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Saturday, 30 December, 2000, 16:24 GMT
Black voters' challenge for Bush
Colin Powell and George W Bush
Colin Powell's appointment has been seen as tokenism
By Malcolm Brabant in Miami

Statistics concerning the voting patterns of black voters in the United States look set to test President-elect George W Bush' s boast to be a leader who can unite the country.

Nine out of 10 blacks voted for Al Gore, according to an opinion poll carried out just after the US Supreme Court settled the election.

Black opinions on George W Bush
50% say he stole the election
39% say he won on a technicality
Only 7% of blacks believe that Mr Bush won fairly.

Thirty-nine percent think he won on a technicality, and 50% are convinced he stole the election.

Many subscribe to the view of Benny Thompson, an African-American congressman from Mississippi.

At a post-election rally in Miami, Mr Thompson said that the electoral irregularities in Florida were reminiscent of the old, racist Deep South.

Mr Bush's choices of General Colin Powell, as Secretary of State, and Condoleezza Rice, as National Security Advisor, have done nothing to soothe African-American fears.


As he accepted his nomination, General Powell said he was proud to have become the first black man to hold such an important office, but some members of the House of Representatives black caucus describe the appointments as tokenism.

Demonstrator in Florida
Many African Americans felt they were disenfranchised in Florida
Al C Hastings, a congressman from south Florida, said they didn't translate to 'Annie May', the average black woman.

He said Mr Bush could only succeed if he did twice as much for African-Americans as Bill Clinton, who is perceived as having done more for minorities than any other president.

That would mean helping black communities to share in America's unprecedented prosperity and to address their concerns over jobs, education and housing.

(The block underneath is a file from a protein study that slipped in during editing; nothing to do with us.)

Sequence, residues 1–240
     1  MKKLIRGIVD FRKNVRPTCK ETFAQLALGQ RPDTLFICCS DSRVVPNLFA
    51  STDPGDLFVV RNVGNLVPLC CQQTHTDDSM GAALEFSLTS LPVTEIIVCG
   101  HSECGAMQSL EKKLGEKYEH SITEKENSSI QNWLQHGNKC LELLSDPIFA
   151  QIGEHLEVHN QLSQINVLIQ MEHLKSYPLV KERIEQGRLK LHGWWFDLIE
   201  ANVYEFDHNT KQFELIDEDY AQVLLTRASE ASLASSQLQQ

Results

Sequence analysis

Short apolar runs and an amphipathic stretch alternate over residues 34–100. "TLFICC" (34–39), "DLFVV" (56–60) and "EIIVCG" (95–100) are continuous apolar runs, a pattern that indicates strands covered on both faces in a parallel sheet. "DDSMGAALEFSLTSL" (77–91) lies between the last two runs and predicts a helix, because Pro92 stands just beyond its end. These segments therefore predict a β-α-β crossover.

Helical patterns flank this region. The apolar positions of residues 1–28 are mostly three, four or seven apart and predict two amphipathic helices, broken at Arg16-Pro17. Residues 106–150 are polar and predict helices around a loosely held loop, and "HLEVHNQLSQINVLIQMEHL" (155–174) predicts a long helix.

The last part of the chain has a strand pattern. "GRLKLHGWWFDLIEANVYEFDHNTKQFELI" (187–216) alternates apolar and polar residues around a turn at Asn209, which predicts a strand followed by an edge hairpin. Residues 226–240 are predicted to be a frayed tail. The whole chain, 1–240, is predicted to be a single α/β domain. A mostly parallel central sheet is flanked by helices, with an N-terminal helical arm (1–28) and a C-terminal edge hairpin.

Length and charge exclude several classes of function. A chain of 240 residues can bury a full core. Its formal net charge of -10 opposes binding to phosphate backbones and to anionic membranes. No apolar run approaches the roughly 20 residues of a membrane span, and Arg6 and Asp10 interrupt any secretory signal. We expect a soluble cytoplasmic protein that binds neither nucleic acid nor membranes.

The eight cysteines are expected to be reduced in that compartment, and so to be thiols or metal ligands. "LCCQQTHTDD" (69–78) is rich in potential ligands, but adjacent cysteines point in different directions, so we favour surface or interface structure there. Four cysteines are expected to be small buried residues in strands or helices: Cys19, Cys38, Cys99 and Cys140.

Unemployment may be at an all-time low nationwide, but, in some of Miami's black ghettos, the jobless rate is 70%.

Political pressure

Mr Bush could improve his ratings with African-Americans if his administration can ensure that there will be no repeat of the voting irregularities that have re-opened the nation's racial divide.

But, if he is serious about implementing the more controversial elements of his manifesto - such as the $1.3 trillion tax cut and social security reform, the president-elect will need to split the opposition and attract votes from conservative, white Democrats in Congress.

Mr Bush is under pressure from hard-line Republicans to fulfill his campaign promises, but the price of doing so will be to further alienate African-Americans.

The manner of Mr Bush's victory most probably means that he will never manage to win over a community which feels so badly cheated.

After the chaos in Florida, the new administration is obliged to ensure that every vote really does count in the future, and Mr Bush knows that right now nine out of 10 blacks are hoping that the voting systems will work properly in 2004 so that they can send him straight back to Texas.

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16 Dec 00 | Americas
Pressure mounts for electoral reform
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